Thus, the dramatic technique can be used to identify the grammatical structures caused by social factors. In addition, tasks with the dramatic elements provide contexts to help you integrate receptive and productive kinds of speech activity, focusing on the rules of grammar in speech. Special instructional technique we call information imbalance in other words the difference in the amount of information for communication of potential partners [12; 54, 55].

Games which are designed to provoke communication between students frequently depend on an information gaps put things in the right order.

Let's consider the ways of encouraging discussion which could be providing activities which force students to reach a decision or a consensus, often as a result of choosing between specific alternatives. An example of this kind of activity is where students consider a scenario in which an invigilator during a public exam catches a student copying from hidden notes.

A popular kind of activity is the prepared talk where a student makes a presentation on a topic of their own choice. Such talks are not designed for informal spontaneous conversation; because they are prepared, they are more writing like than this. However, if possible, students should speak from notes rather than from a script.

Prepared talks represent a defined and useful speaking genre, and if properly organized, can be extremely interesting for both speaker and listeners. Just as in process writing the development of the talk, from original ideas to finished work will be of vital importance.

Questionnaires are useful, because, by being pre-planned, they ensure that both questioner and respondent have something to say to each other. Depending upon how tightly designed they are, they may well encourage the natural use of certain repetitive language patterns and thus be situated in the middle of our communication continuum.

Students can design questionnaires on any topic that is appropriate. As they do so the teacher can act as a resource, helping them in the design process. The results obtained from questionnaires can then form the basis for written work, discussions, or prepared talks.

Many students derive great benefit from simulation and role-play. Students simulate a real-life encounter as if they were doing so in the real world, either as themselves in that meeting or aeroplane, or taking on the role of a character different from themselves or with thoughts and feelings they do not necessarily share. Simulation and role-play can be used to encourage general oral fluency, or to train students for specific situations especially where they are studying ESP.

For a simulation to work it must, according to Ken Jones [13] have the following characteristics:

  • – Reality of function: the students must not think of themselves as students, but as real participants in the situation.
  • – A simulated environment: the teacher says that the classroom is an airport check-in area, for example. Structure: students must see how the activity is constructed and they must be given the necessary information to carry out the simulation effectively.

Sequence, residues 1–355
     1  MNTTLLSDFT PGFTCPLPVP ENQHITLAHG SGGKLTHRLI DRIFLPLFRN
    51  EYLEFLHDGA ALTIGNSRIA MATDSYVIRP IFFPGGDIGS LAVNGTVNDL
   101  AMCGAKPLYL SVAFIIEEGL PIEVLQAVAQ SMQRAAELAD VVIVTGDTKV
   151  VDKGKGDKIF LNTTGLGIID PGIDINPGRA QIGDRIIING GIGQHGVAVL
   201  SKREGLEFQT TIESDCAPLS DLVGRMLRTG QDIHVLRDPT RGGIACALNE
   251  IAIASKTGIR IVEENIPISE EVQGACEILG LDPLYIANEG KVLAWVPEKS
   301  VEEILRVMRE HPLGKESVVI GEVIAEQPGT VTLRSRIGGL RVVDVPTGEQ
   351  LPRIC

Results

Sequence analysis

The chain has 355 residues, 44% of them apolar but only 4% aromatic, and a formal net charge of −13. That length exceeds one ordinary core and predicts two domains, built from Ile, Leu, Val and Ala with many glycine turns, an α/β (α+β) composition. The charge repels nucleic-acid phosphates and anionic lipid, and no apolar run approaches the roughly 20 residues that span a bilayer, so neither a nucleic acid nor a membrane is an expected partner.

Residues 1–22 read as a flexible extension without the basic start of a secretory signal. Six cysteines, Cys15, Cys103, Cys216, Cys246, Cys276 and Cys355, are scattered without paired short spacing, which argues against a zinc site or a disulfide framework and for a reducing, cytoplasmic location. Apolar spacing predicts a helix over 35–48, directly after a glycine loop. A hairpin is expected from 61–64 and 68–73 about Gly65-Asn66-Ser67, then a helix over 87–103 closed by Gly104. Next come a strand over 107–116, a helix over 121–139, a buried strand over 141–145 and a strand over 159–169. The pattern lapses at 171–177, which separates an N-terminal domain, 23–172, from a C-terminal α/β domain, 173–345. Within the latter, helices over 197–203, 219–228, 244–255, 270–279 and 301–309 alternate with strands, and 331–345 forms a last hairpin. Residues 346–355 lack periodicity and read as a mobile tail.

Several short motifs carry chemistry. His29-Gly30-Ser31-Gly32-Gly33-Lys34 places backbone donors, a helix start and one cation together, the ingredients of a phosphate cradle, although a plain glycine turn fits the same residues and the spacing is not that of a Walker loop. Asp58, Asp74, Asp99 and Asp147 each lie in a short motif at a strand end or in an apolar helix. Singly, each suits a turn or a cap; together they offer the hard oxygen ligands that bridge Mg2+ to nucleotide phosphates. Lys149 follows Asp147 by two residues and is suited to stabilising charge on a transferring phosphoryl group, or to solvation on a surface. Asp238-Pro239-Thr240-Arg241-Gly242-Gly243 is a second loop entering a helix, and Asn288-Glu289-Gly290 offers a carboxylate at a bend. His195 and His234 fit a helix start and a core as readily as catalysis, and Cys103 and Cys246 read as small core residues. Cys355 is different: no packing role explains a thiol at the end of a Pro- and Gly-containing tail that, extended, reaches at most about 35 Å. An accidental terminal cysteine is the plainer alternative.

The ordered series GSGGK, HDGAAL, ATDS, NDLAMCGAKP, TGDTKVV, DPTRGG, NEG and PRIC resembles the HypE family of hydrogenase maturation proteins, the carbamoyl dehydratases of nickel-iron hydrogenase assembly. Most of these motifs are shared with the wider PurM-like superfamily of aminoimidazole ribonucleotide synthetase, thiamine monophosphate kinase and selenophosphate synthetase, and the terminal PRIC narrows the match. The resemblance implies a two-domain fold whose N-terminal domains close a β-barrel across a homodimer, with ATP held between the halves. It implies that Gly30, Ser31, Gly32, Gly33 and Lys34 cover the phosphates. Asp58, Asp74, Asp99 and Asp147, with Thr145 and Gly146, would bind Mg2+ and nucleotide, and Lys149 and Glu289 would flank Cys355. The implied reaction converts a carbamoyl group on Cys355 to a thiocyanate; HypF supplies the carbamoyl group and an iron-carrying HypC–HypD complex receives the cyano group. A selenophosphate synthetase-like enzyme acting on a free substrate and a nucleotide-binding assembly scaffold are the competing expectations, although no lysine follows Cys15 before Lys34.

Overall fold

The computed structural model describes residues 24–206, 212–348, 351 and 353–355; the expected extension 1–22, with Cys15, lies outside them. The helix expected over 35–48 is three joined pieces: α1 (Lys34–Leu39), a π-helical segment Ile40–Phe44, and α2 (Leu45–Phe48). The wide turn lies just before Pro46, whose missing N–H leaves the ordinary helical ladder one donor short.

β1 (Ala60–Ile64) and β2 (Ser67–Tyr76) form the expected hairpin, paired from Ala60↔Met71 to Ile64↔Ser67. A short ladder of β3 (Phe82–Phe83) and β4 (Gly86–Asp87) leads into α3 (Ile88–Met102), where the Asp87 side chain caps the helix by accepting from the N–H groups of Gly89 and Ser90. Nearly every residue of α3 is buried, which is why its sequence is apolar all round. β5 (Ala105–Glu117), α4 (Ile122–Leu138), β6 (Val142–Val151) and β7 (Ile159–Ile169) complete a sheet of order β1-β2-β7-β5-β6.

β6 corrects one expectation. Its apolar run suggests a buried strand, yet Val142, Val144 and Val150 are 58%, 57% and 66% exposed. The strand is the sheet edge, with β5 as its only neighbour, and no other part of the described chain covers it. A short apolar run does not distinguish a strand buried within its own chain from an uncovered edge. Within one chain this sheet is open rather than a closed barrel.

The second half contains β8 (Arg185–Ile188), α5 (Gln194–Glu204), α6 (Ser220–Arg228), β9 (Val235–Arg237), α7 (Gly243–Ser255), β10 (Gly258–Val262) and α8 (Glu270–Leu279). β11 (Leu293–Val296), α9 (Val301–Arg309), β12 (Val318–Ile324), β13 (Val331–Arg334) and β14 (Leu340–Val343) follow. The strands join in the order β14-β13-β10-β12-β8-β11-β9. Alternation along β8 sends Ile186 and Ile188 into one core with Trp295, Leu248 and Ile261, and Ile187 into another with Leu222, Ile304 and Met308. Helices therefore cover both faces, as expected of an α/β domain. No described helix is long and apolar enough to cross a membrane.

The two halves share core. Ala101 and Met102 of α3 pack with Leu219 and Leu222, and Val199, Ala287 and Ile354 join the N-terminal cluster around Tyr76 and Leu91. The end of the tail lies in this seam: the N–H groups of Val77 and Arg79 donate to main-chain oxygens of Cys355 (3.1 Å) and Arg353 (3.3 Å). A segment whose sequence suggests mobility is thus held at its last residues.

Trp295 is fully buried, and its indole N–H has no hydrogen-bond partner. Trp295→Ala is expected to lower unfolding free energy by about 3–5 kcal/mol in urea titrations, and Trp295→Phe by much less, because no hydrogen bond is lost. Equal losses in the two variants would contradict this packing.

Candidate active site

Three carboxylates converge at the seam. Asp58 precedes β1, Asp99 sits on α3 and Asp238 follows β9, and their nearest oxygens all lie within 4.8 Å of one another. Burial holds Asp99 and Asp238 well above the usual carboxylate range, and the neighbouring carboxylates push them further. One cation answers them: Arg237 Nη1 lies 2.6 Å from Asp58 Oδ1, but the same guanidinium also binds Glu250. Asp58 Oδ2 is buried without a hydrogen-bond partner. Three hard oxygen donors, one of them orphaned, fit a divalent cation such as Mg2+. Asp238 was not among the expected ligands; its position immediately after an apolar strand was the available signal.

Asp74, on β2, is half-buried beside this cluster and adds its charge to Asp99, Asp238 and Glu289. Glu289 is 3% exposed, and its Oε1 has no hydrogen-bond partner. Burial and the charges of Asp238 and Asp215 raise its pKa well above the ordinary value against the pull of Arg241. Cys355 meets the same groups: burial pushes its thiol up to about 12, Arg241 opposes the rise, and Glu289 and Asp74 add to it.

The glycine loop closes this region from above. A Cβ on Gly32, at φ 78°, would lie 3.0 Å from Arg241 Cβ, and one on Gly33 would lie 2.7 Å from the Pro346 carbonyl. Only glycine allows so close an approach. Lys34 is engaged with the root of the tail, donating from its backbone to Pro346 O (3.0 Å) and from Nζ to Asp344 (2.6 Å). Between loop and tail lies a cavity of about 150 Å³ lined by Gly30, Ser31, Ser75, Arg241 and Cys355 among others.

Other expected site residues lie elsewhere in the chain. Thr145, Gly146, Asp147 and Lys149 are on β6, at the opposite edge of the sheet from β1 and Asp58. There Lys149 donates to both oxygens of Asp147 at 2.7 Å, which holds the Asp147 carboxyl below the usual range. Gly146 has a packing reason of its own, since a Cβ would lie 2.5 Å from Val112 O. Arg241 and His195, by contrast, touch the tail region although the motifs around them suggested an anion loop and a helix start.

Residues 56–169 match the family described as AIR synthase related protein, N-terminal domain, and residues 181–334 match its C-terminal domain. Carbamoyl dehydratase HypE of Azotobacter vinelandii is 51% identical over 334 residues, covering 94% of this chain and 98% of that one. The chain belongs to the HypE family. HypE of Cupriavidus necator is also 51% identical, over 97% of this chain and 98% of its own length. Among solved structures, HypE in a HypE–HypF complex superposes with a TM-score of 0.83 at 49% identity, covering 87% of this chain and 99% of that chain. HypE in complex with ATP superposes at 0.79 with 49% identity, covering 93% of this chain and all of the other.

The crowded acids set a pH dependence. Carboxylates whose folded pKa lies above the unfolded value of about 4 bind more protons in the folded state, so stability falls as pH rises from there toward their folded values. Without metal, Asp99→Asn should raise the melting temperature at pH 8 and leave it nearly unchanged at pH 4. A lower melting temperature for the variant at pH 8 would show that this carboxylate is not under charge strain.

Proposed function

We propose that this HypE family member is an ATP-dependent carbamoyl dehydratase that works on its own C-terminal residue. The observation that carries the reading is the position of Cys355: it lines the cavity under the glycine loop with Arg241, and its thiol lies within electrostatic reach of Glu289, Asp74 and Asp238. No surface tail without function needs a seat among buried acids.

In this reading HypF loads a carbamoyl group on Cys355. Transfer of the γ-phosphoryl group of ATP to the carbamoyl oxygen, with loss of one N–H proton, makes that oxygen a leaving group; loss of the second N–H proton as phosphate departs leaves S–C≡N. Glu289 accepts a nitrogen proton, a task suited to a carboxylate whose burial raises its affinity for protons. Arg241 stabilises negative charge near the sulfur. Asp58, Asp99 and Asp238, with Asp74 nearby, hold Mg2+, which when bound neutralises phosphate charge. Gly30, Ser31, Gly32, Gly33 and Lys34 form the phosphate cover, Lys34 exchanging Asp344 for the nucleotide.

In a role-play we add the element of giving the participants information about who they are, and what they think and feel.

Role-plays are effective when they are open-ended, so that different people have different views of what the outcome should be and a consensus has to be reached. That way there is a dynamic movement as the role-play progresses, with people clearly motivated to say as much or as little as they need to achieve their aims. In one such intermediate level activity.

In a different kind of a role-playing activity, students write the kind of questions they might ask anybody when they meet them first. Students are then given paintings by Goya, for example, and are asked to answer those questions as if they were characters from the painting. The same kind of imaginative interview role-play could be based around people in dramatic photographs.

Simulation and role-play went through a period of relative unpopularity, yet this is a pity since they have three distinct advantages. In the first place they can be good fun and thus motivating. Second, they allow hesitant students to be more forthright in their opinions and behavior than they might be when speaking for themselves, since they do not have to take the same responsibility for what they are saying. Third, by broadening the world of the classroom to include the world outside, they allow students to use a much wider range of language than some more task-centred activities may do [2; 272–274].

It is implemented in a variety of communicative tasks, which are characterized by the focus on the content of communication in terms of pair and group educational interaction. This method is based on the characteristic feature of the natural communication: at the beginning of communication the interlocutors speak only part of the information, as a result of speech interaction everyone gets a more comprehensive amount of information.

Its accumulation, in other words overcoming the information imbalance can occur when transcoding one form of information presentation to another, for example, if you select both verbal and non-verbal forms of communication. Verbal forms include the variety of oral and written texts, which differ in their functional- communicative purpose, scope and degree of information curl. Non-verbal forms can be iconic (pictures) or graphics (tables, charts, diagrams) [14; 103].